Well, that, and a limited-field, no-cut event in paradise with a $5.6 million purse.


Missed Cut

Hall pass. This year’s Hall of Fame ballot came out last week with a deep field that included Tony Lema, Jug McSpaden, Don January and . . . Phil Mickelson. Last we checked Lefty was still looking for answers with a belly putter, not keepsakes to fill his HoF locker in St. Augustine, Fla.

Ditto for Davis Love III, who thought long and hard about taking the captain’s job for next year’s Ryder Cup because he still wants to play on a team, and Retief Goosen, one of 10 players on the international ballot and currently the 30th-ranked in the world.

There’s little doubt Mickelson - and probably Love and Goosen - is a lock for the Hall of Fame, but what’s the rush? Particularly when there are equally deserving candidates, like Stockton and Ken Venturi, who may get overlooked on the needlessly crowded ballot.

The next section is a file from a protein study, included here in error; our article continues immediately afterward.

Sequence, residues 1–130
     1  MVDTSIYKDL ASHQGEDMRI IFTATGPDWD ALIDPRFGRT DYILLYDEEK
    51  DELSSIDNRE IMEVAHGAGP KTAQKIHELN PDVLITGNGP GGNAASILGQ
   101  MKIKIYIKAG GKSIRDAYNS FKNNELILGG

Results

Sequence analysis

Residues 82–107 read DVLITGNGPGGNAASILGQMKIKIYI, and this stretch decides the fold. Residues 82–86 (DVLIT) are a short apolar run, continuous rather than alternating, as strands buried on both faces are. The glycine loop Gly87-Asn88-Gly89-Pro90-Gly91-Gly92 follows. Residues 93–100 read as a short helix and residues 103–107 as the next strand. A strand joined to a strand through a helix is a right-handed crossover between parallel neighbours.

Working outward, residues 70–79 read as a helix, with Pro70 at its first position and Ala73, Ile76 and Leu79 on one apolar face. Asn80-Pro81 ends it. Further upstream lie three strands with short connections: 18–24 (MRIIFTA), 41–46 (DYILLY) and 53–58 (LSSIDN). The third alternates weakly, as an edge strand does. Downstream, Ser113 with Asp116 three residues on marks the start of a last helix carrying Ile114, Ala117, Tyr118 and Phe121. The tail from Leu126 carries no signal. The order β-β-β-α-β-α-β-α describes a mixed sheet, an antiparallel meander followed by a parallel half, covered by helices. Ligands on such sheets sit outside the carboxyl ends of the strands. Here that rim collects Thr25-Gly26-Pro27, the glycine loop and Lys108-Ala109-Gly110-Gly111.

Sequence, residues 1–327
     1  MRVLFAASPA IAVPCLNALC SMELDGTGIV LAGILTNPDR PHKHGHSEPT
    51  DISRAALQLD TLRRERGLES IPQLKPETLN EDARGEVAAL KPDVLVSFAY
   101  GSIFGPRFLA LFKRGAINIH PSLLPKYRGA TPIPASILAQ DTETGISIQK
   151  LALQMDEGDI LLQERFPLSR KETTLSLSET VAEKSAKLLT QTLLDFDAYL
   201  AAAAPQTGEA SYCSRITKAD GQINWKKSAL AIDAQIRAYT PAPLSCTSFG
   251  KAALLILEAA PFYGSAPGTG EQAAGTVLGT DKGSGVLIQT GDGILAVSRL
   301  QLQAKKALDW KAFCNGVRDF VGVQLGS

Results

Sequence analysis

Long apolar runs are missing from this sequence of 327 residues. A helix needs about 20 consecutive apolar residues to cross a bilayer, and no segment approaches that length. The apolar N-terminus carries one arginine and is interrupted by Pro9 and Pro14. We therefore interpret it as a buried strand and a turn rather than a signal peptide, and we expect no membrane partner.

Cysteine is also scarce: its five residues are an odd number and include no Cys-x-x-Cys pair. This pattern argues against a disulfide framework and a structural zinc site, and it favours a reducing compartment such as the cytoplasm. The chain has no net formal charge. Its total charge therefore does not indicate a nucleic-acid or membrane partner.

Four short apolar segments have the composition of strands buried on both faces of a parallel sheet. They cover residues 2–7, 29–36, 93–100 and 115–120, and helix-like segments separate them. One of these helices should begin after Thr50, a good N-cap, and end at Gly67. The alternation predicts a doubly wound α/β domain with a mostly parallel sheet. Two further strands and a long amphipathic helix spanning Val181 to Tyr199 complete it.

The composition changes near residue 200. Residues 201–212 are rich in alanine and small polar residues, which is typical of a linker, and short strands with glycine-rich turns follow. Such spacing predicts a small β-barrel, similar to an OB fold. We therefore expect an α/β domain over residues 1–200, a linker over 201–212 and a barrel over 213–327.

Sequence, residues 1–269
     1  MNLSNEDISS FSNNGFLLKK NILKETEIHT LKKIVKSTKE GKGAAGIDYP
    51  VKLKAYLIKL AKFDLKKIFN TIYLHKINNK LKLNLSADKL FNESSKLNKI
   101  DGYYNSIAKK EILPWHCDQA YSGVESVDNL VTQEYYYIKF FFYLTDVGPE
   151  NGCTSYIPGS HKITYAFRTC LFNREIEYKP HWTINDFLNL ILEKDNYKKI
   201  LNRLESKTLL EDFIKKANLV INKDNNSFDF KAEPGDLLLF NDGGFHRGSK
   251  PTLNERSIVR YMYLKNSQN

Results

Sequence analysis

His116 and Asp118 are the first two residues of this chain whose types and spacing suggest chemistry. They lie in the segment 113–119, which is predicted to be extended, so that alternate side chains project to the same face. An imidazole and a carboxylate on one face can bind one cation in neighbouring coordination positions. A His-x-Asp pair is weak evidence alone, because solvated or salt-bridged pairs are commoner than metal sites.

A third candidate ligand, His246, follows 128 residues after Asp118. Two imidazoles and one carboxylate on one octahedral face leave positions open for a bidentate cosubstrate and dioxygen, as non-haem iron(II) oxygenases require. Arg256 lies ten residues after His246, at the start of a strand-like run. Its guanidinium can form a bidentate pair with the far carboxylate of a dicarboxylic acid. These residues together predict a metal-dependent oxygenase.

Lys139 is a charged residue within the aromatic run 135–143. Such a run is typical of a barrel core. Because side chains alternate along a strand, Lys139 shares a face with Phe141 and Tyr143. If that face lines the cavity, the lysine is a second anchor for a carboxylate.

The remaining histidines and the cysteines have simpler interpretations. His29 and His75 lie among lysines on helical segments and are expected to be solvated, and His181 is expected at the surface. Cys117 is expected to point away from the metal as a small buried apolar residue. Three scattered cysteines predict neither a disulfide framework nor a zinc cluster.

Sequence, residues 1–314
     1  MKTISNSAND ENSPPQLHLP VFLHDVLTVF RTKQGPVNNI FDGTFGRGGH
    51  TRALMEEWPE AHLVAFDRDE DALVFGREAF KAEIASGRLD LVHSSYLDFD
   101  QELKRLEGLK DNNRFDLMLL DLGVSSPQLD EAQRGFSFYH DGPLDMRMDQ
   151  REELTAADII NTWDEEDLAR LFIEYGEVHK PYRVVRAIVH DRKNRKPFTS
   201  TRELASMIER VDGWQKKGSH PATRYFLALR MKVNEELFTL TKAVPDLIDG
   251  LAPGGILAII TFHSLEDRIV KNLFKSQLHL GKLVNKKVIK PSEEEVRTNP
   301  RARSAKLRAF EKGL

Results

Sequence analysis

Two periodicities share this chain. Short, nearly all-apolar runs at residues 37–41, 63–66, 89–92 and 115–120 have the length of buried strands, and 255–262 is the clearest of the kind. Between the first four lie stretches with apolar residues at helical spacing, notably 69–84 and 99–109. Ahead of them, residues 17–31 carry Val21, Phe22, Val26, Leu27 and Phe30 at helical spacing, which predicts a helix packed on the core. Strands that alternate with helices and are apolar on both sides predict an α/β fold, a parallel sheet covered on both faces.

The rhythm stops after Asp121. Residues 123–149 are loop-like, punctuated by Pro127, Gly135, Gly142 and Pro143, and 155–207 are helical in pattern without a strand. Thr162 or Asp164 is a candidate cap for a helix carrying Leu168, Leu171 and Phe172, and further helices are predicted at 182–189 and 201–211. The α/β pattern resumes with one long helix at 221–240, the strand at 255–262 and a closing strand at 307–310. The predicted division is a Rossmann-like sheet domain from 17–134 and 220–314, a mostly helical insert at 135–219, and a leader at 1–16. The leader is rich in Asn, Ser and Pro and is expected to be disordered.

This is simple: potential Hall of Famers go on the ballot the first year after they play fewer than 15 PGA Tour events or when they turn 55 years old, whichever comes first. If you don’t qualify for the early-bird special at Denny’s, you shouldn’t qualify for the Hall of Fame.

September swoons. “What do you want?” barked Rees Jones, the normally affable architect turned understandably defensive by a storm not entirely of his own making.

Normally it’s the Cubs breaking hearts this time of year in the Second City and one man hasn’t shouldered this much collective hatred in Chicago-land since Steve Bartman reached over the fence at Wrigley Field.